Theme Parks Keep Fall Guests Screamin'

Daily Herald (Arlington Heights, IL), October 12, 1997 | Go to article overview

Theme Parks Keep Fall Guests Screamin'


Byline: Arthur Levine

Labor Day traditionally marks the end of the regular operating schedule at most theme and amusement parks. Defying convention, many parks have been extending their "shoulder" seasons well past the time there is frost on the pumpkin.

In fact, pumpkins are the focal point. Halloween events at parks like Pennsylvania's Sesame Place give operators new reasons to keep their guests screaming straight through to the end of October.

The trend among parks to tie-in with the spooky holiday, together with the scores of stand-alone haunted houses and specialty attractions that open only in the fall, has created an entire, burgeoning Halloween industry. One of the biggest scaremeisters is Larry Kirchner of Halloween Productions.

When he's not busy building one of the many animatronic werewolf effects and other equipment his company is shipping to haunted houses around the world this year (How do you say "Awoooooo!" in Spanish?), Kirchner is putting the finishing touches on his own haunted theme park in St. Louis. The country's second-largest exclusive Halloween event, Kirchner hopes to attract more than 100,000 brave souls to his The Darkness attraction in the few weeks leading up to the holiday.

Archduke of spooks

A long-time horror fan, Kirchner began his unusual career at an early age. He and some kindred spirits in the fifth grade put together a makeshift haunted house in the community room of his apartment complex. Once Kirchner squirted some fake blood and heard the screams of the crowd, he was hooked.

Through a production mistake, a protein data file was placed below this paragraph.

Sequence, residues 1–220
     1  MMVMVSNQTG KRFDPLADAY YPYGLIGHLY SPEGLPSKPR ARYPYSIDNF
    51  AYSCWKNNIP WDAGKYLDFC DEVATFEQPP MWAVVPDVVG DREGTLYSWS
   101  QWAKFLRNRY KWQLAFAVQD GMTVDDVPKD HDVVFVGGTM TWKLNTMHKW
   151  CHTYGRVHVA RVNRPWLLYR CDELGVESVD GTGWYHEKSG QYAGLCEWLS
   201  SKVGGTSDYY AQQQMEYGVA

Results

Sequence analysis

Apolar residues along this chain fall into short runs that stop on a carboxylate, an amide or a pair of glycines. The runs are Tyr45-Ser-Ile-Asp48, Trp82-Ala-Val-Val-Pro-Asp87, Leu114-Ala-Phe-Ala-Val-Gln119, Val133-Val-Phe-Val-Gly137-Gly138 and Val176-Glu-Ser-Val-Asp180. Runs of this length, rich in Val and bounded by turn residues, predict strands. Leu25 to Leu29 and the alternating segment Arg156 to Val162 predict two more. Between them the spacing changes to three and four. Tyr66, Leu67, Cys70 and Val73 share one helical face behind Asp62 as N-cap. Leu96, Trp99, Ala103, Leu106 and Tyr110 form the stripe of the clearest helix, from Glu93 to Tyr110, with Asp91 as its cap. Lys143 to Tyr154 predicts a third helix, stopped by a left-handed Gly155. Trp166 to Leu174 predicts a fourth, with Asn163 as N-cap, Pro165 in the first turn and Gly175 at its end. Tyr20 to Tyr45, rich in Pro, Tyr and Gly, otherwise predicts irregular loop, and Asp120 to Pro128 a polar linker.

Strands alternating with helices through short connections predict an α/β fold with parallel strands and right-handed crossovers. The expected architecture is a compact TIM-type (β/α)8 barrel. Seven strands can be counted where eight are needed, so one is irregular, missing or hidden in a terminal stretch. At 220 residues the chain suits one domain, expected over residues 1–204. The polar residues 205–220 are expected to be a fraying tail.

After spending a few seasons helping others in the area design and operate their haunted houses, the twenty-something Kirchner decided to break off on his own. Four years ago, the "hauntrepreneur" persuaded a manufacturer to convert a part of his downtown St. Louis factory into a haunted house. The Darkness Haunted House proved so successful, the manufacturer closed down his company, turned over the entire massive complex to the attraction, and is helping to finance and run Kirchner's Halloween Productions.

Rather than rely on bogeymen jumping out and other easy scare tactics, Kirchner's team has loaded The Darkness with special effects and high production value. A pre-show film sets the stage for the time-travel story that unfolds inside the attraction. An elaborate haunted hotel scene begins the walk-through tour. Lasers, theatrical fog, high-end animatronics (severed heads that dance across a table are among Kirchner's favorites), and a synchronized soundtrack immerse guests in the action. Kirchner says a good haunted house is better than a good horror movie because "It's interactive and three-dimensional. You're the star. You're in the middle of the action."

While the shroud of darkness and the witching hours of evening can enhance the anticipation, it is a haunted attraction's imagery and sensory stimulation that deliver the thrills. "A haunted house done right," Kirchner asserts "works just as well during the day." Indeed, unlike most haunted houses, The Darkness is open during daylight hours. And unlike many haunted houses, which appeal primarily to a semi-depraved audience of gore-happy teens, The Darkness books children's birthday parties during the day. "We're reaching out to families, young children. Everyone wants to experience the holiday fun," says Kirchner.

Oh, the horror

Last year, Kirchner expanded The Darkness into a multi-faceted entertainment center. Besides the haunted house, guests can visit the Hollywood Horror and Sci-Fi Museum. Props, effects, posters and other Planet Hollywood-style displays from films like "Mars Attacks" and "Interview with the Vampire" line the museum's halls. Before The Darkness opened this season, the St. Louis Science Center displayed exhibits on loan from the museum.

Celebrities scheduled to appear and sign autographs this season at The Darkness include George "Michael Myers" Wilbur and Kane "Friday the 13th's Jason" Hodder. …

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Theme Parks Keep Fall Guests Screamin'
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